Mark Hatton works for Business Transformation Group at the Department for Work and Pensions. Here he tells us about how people in his department have been taking up the Digital Friends initiative.
We’re transforming DWP to be a modern, efficient and inclusive organisation. Part of this involves delivering a more digital service for citizens, and a standard of services that citizens expect. However, transforming our services does not come easily and the expectation that all of the people who work in DWP are digitally engaged to support our customers is often a common misconception.
In March 2015 the Cabinet Office launched the Digital Friends scheme. The intention is that if just 1 in 4 civil servants helps a colleague, friend, family member or neighbour to use the internet, that means more than 100,000 people will be empowered, not only to use government services, but to access all the economic, social, health and wellbeing benefits of being online.
Our Digital Friends network
For me, Digital Friends is a breath of fresh air, it offers something different, and more importantly an opportunity to build informal networks, provide peer to peer support for colleagues, and tap into what people want to learn rather than being told what they need to learn.
Across the department we have started a transformation of learning and upskilling. Our Digital Friends are at the heart of this. Our Digital Friends networks have been running engagement events including the ever-popular Digital Speed Dating where colleagues across the North East were encouraged to bring in their own equipment and be shown a whole new world of digital possibility!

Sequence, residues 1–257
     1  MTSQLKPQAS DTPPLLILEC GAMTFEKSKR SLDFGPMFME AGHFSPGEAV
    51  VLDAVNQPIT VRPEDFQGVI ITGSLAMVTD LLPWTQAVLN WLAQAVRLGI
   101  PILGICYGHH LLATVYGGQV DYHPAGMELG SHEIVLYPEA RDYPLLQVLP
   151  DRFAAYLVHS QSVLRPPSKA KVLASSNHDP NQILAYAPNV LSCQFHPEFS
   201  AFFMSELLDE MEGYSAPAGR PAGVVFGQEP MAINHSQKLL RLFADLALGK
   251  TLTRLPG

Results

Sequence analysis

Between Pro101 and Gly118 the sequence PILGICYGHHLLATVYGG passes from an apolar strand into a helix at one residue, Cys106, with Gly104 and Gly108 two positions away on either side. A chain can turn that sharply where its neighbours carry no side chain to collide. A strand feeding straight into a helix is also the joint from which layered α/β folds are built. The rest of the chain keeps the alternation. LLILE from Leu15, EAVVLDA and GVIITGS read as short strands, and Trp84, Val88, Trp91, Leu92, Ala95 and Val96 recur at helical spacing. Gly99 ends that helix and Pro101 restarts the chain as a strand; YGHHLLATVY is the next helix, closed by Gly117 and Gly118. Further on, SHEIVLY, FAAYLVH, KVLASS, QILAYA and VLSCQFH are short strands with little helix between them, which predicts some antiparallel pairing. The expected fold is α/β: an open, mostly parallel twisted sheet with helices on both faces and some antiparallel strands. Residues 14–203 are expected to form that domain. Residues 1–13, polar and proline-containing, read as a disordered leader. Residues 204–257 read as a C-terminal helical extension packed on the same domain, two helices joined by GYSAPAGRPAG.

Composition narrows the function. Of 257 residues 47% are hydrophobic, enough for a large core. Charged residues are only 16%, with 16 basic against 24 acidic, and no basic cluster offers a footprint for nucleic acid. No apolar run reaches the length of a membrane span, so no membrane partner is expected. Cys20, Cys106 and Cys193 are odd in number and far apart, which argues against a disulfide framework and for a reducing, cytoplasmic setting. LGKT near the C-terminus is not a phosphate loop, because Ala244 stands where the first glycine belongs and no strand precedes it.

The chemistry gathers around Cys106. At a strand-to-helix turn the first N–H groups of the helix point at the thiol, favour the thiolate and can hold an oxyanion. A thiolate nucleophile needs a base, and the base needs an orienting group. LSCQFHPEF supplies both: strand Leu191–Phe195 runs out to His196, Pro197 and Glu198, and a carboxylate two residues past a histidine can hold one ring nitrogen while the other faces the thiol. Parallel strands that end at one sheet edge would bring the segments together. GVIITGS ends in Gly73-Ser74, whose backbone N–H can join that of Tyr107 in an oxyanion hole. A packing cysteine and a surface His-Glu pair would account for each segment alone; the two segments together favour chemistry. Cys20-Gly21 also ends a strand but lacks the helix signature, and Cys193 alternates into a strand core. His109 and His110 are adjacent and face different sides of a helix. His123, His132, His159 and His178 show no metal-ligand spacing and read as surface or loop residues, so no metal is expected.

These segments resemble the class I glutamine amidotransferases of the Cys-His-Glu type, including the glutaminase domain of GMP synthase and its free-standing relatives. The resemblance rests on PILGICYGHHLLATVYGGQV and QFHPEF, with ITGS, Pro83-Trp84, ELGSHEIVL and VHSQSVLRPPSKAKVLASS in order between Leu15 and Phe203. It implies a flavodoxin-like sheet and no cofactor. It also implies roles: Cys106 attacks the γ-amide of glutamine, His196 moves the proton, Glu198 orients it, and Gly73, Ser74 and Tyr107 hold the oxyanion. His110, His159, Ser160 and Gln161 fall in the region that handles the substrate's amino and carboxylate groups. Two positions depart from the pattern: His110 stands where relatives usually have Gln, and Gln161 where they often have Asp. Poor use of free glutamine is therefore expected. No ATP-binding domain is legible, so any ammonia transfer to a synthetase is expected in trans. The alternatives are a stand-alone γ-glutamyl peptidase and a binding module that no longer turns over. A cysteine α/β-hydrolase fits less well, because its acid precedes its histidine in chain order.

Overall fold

Colleagues across the Manchester district have run training events highlighting the benefits social media can bring to our claimants. Using the Digital Friends concept, this activity has multiplied as the pupils become the teachers and share their knowledge with even more colleagues.
Our Digital Friends are not just supporting our own colleagues - they've also started supporting the wider community; in particular by helping local councils to deliver upskilling sessions in local libraries and support residents in care homes across the North East.
Lesleyanne became one of our many Digital Friends. Here she tells us about the rewards it brings:
“I had the pleasure of assisting an elderly neighbour (George), with his first foray into the world of digital. As an 80 year old who has hitherto shunned all things digital I was quite surprised when he asked if I could assist him setting up “one of those laptop thingies”. As it turns out he bought it to keep in touch with his family (especially his grandchildren) as they now live in Bournemouth.
In just over a week, at about an hour a day, we went from the unboxing to the basics. Using a web browser took a little longer: when I wasn’t there, George presumed that if it doesn’t open immediately you just keep clicking until it does. But after a few more visits, he's now using Facebook to keep in touch with his family, using emails, using Skype…. He's even set up a cloud account as an easy way of sharing photos with his family.
He’s now talking about a multifunction printer then possibly a smartphone or digital camera. If he keeps picking things up at this pace, he’ll be teaching me!"
I can’t believe that I haven’t done this before now, I feel like I’m with the girls when I Skype them and love being able to get answers for my crossword puzzles from Google when I’m stuck. Everyone should have someone to help them to do this stuff. It makes you feel part of the world again.
So are we done? Has Digital Friends finished? Of course not, we are just at the start of our digital engagement activities and our ever-increasing number of Digital Friends will be key to helping us achieve true transformation.